Food can have a huge impact on how you feel, and especially during times of stress and isolation. If you comfort yourself with junk food, not only will you feel guilty about it later, but you might have trouble focusing or feel lethargic throughout the day.
Developing good eating habits isn’t easy. It’s much more convenient and comforting to reach for pre-packaged options packed with sugar and fat. But if you can learn to eat better during the pandemic, your body and brain will thank you and you’re likely to feel quite a bit better.
In addition to changing what you eat, it’s also important to consider how and when you eat. Skipping meals, binge eating, and late-night snacking can all make you feel irritable and tired. Try to stick with a regular eating schedule, every 4-5 hours during the day. Keep snacks healthy and make a weekly meal plan so you don’t fall off the wagon. Finally, limit your caffeine and alcohol consumption and stay hydrated for the best results!
Take time for positive self-reflection
When we’re feeling down, we do a lot of self-reflection—and it can be both positive and negative. Negative self-reflection can lead to spiraling thoughts and other problems. That doesn’t mean you need to be relentlessly happy all the time—it’s important to acknowledge what’s happening in your life, both good and bad. But it does mean you should spend some time thinking about the good as well as the bad.
Focus on your small successes.
If you cooked a healthy meal and took a walk, celebrate and reflect on that. Practice meditation for a few minutes every day and celebrate your efforts at self-care. You don’t have to be productive all the time to celebrate and reflect on success in other areas of your life.
Using social media to promote healthy habits and support mental health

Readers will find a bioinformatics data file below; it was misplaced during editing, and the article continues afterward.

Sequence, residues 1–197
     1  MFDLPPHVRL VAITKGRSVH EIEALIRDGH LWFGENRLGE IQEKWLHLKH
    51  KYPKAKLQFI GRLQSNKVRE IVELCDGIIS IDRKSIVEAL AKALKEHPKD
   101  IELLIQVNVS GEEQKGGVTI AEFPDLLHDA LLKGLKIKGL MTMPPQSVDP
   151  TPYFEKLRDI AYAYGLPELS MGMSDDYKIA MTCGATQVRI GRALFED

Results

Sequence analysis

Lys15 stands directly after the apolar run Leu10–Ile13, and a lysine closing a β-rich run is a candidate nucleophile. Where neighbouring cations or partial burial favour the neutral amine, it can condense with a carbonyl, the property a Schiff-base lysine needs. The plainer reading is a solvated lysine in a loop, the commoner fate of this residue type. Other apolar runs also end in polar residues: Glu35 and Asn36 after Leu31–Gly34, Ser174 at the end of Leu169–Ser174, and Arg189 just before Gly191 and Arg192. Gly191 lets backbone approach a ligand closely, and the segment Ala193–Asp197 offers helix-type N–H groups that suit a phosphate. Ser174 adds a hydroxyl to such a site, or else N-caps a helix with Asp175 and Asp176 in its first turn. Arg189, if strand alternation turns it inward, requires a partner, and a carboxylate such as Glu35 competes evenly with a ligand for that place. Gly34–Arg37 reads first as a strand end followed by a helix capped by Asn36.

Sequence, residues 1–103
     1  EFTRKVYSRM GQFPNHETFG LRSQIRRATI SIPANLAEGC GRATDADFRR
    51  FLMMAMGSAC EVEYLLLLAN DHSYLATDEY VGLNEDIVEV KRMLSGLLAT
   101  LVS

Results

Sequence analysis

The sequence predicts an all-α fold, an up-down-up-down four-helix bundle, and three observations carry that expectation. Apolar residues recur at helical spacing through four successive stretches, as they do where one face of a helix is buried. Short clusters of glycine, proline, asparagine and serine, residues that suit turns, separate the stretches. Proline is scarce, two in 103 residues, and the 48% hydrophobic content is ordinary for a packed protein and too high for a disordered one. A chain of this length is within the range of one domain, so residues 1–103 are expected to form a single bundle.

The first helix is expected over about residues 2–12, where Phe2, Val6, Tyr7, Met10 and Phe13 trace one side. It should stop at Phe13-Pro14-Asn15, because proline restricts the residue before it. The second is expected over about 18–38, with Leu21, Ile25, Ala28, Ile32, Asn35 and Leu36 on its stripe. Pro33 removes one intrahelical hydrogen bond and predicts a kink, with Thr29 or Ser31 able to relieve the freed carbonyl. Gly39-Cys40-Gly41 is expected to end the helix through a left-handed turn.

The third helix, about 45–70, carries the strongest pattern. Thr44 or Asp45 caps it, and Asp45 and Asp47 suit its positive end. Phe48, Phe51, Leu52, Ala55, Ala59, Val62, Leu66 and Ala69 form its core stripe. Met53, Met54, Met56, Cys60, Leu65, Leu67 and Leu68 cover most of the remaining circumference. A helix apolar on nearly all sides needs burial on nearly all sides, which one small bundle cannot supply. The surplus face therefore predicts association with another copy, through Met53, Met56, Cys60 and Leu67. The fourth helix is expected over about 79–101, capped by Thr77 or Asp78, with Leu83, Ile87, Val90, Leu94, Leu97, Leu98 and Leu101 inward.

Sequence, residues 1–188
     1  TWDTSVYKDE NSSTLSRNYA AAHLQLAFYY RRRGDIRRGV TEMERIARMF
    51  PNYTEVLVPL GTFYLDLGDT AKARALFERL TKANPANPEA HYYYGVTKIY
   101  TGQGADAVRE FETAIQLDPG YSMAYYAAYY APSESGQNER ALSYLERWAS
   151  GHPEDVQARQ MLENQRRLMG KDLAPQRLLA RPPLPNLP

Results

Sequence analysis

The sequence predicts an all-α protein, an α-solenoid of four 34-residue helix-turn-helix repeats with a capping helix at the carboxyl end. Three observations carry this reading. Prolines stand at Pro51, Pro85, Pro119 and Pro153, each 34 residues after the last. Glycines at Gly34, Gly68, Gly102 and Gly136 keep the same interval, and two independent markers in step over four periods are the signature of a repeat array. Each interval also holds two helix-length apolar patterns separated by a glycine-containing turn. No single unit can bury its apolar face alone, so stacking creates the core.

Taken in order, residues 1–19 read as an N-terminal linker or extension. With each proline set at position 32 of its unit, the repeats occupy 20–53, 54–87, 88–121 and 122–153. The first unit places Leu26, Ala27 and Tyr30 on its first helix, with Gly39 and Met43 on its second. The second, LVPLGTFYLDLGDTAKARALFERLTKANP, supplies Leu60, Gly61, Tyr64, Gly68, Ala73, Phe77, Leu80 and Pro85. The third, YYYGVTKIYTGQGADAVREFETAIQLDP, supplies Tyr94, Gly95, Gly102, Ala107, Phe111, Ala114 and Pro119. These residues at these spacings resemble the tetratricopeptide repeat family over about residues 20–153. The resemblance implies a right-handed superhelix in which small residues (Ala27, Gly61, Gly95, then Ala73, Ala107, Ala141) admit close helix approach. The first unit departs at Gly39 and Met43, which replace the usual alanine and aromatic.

Social media has helped connect us throughout the pandemic, but it has also led to anxiety and depression for some, due to the toxicity of online culture and a relentlessly negative news cycle. That’s why it’s so important to use social media to promote healthy habits and support your mental health.
Become intentional about your social media use by creating a clear purpose for logging on, schedule browsing times, and disable push notifications on your smartphone. Now is also a good time to clean house and unfollow people who post content that negatively impacts your mental health. Use social platforms for good, and monitor their effect on you.
You are not alone. People across the world are struggling right now. Give yourself a break and know that the more you focus on healthy habits, the better you’ll feel. Reclaim control of your day and be kinder to your body and mind.
Ryan Ayers has consulted a number of Fortune 500 companies within multiple industries including information technology and big data. After earning his MBA in 2010, Ayers also began working with start-up companies and aspiring entrepreneurs, with a keen focus on data collection and analysis.
© YFS Magazine. All Rights Reserved. Copying prohibited. All material is protected by U.S. and international copyright laws. Unauthorized reproduction or distribution of this material is prohibited. Sharing of this material under Attribution-NonCommercial-NoDerivatives 4.0 International terms, listed here, is permitted.